When Herodotus visits Egypt at ca 460 BC, the time of the pyramids is over. He encounters a culture in decline – perhaps without realizing – and portrays a country vaguely connected to a far more prominent and impressive past. He paints the picture of a deeply emotional and popular religiosity, strongly amalgamated with and transcending any aspect of life, perhaps comparable to Hinduism in the 18th century on the Indian subcontinent. With the latter, there are also other important similarities, such as the seven casts in Egyptian society, juggernauts, astrology and even holy cows.
The book ( An Account of Egypt) he finally wrote is essentially a mix of travel observations, with geography and also Egyptian history – a book written for the literate urban elite of classic Hellas. Parts of the book also seems to address a hunger for exotic king and queen stories- perhaps not much different from today's tabloid press.
Herodotus also reveals glimpses of mathematics, physics and other sciences that are kept by the priesthood, and largely shielded from the public – to be compared perhaps to Europe of the Middle Ages, where knowledge was kept by the Church and secret societies such as the Masons and Templar Knights. Once one has eliminated the many stories of long-gone pharaohs, religious and other speculations from the text Herodotus’ book is full of astonishing detail. To make these readable, I have extracted all passages that give a genuine testimony of daily life in classic Egypt.
Measuring time, origins of astrology
Egyptians, reckoning the twelve months at thirty days each, bring in also every year five days beyond the number, and thus the circle of their seasons is completed and comes round to the same point whence it set out. They said moreover that the Egyptians were the first who brought into use appellations for the twelve gods and the Hellenes took up the use from them; and that they were the first who assigned altars and images and temples to the gods, and who engraved figures on stones; and with regard to the greater number of these things they showed me by actual facts that they had happened so.
Working the land
It is certain, however, that now they gather in fruit from the earth with less labour than any other men and also with less than the other Egyptians; for they have no labour in breaking up furrows with a plough nor in hoeing nor in any other of those labours which other men have about a crop; but when the river has come up of itself and watered their fields and after watering has left them again, then each man sows his own field and turns into it swine, and when he has trodden the seed into the ground by means of the swine, after that he waits for the harvest, and when he has threshed the corn by means of the swine, then he gathers it in.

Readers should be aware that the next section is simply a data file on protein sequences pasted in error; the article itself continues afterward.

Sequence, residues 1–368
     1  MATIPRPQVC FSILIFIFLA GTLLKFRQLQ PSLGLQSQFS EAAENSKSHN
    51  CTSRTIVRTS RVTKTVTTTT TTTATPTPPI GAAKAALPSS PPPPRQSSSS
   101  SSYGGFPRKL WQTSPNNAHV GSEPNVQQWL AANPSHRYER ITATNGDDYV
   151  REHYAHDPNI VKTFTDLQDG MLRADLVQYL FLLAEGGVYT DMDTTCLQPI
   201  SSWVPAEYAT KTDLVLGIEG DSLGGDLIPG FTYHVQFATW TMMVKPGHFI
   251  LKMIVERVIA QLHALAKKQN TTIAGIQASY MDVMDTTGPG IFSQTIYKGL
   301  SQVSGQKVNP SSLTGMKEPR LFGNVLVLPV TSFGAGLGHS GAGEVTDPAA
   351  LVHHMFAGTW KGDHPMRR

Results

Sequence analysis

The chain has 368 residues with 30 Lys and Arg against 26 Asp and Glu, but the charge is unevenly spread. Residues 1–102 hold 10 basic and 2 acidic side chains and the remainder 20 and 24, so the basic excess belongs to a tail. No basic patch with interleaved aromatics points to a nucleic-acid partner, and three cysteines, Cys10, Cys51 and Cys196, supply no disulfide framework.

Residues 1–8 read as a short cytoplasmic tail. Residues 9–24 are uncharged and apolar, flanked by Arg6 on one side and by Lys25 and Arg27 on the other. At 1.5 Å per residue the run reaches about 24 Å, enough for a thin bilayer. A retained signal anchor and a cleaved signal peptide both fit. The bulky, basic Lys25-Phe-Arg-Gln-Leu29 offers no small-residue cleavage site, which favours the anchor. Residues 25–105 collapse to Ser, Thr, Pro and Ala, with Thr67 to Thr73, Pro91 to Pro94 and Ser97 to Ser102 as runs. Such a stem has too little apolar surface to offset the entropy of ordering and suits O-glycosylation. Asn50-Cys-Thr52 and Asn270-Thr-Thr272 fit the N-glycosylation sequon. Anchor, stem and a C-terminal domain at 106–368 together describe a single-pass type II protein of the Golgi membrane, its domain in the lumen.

Moreover kites and swallows remain there through the year and do not leave the land; and cranes flying from the cold weather which comes on in the region of Scythia come regularly to these parts for wintering: if then it snowed ever so little in that land through which the Nile flows
Cooking, weaving, personal hygiene, caring for the elders, worship
Of Egypt however I shall make my report at length, because it has wonders more in number than any other land, and works too it has to show as much as any land, which are beyond expression great: for this reason then more shall be said concerning it. The Egyptians in agreement with their climate, which is unlike any other, and with the river, which shows a nature different from all other rivers, established for themselves manners and customs in a way opposite to other men in almost all matters: for among them the women frequent the market and carry on trade, while the men remain at home and weave; and whereas others weave pushing the woof upwards, the Egyptians push it downwards: the men carry their burdens upon their heads and the women upon their shoulders: the women make water standing up and the men crouching down: they ease themselves in their houses and they eat without in the streets, alleging as reason for this that is right to do secretly the things that are unseemly though necessary, but those which are not unseemly, in public: no woman is a minister either of male or female divinity, but men of all, both male and female: to support their parents the sons are in no way compelled, if they do not desire to do so, but the daughters are forced to do so, be they never so unwilling.